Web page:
Aquaponics Water Testing
There are other features in your water that you need to monitor as well. We've already talked about temperature in the section about fish care, so that is covered. You also need to know about water hardness, which is the amount of diluted minerals (not the same as nutrients) that are in your water.
Hard water tends to leave a white residue in containers after it evaporates and you see it in homes as a crust around taps and shower heads. Picture all that crust forming in your aquaponics pipes, filters and pumps. You can see that it can be a problem. A little added mineral content is actually a help because it helps buffer the pH levels to keep the acidity down, but if your water is very hard, you may have to treat it with a water softener system. Or use rainwater to get your system established.
Oxygen content is yet another factor to consider, mainly for your fish. An aerator or bubbler will help keep the oxygen levels up, which is the usual techniques for oxygenation. The way you have your water pump and flow through your grow beds can also help add oxygen to the water. On the other hand, too much algae will rob your system of oxygen, so don't let that get out of control either. Lots of healthy green growth isn't what you want, though a little bit is fine. Most fish will eat the algae, so don't feel you need to scrub it all away.
Water that comes from a treated supply will also have chlorine and possible fluoride in it. The chlorine isn't a huge problem, though letting your water sit in an open container for a day or two before adding it to your tank will let most of the chlorine evaporate out. It's the easiest way to get rid of it though there are products you can add to immediately de-chlorinate your water if you don't like waiting around.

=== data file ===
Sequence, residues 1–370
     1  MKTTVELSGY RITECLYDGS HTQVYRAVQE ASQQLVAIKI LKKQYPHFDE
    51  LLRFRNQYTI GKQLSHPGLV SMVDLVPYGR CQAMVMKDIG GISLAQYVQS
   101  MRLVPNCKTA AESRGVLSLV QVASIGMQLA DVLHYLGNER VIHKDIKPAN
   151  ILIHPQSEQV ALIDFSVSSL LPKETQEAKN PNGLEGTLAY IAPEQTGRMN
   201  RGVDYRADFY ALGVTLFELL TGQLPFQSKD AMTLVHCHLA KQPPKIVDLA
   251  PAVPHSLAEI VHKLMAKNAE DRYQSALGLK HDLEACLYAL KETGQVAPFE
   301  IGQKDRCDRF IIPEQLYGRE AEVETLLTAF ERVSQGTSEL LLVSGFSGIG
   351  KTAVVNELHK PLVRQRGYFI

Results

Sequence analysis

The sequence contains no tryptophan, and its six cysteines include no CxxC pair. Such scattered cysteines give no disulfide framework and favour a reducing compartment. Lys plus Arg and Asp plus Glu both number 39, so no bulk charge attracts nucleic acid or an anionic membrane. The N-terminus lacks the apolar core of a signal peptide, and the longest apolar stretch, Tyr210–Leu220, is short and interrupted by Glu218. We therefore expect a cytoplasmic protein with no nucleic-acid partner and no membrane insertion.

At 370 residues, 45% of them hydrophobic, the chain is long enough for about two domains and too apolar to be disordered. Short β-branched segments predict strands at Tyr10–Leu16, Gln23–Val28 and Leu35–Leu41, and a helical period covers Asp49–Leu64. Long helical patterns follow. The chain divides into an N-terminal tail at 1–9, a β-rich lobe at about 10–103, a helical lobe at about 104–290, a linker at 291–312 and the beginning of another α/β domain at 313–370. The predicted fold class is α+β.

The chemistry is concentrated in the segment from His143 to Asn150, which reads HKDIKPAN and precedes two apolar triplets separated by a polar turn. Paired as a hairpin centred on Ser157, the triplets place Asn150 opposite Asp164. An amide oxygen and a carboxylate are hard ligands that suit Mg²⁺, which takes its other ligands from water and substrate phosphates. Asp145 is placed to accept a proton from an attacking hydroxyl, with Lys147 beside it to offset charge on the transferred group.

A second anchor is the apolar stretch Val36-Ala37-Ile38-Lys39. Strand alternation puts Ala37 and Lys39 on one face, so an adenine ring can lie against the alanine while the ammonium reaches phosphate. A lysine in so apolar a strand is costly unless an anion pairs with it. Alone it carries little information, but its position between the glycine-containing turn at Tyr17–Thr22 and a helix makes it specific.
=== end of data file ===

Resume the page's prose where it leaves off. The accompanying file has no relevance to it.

Water Testing Techniques
For all of these things, you can generally test your water with kits you find in large garden centers or pet store aquarium departments. They don't need to be specific to aquaponics. There are usually two types, the paper strips or the liquid type. The paper strip kits are the simplest. Find the strips you need for your specific test (pH, hardness, various nutrients), and dip it in the water. A color change on the strip is matched to the color standards on a card, and you can get your results. The liquid kits also work with a color change process, but you add a supplied powder or liquid to a small water sample and see what color you end up with in a little vial. If you are testing for nutrients, you will need a kit for each individual chemical (iron, calcium, phosphorus, etc.)
Regardless of what you are testing for, don't obsess over the numbers. If your pH is 6 but everything is doing great, don't start making changes. Let it be. It's very easy to become too concerned about the dozens of different potential chemical levels in your water, and you'll spend all your time adding and tinkering which usually does more harm than good in the long run.
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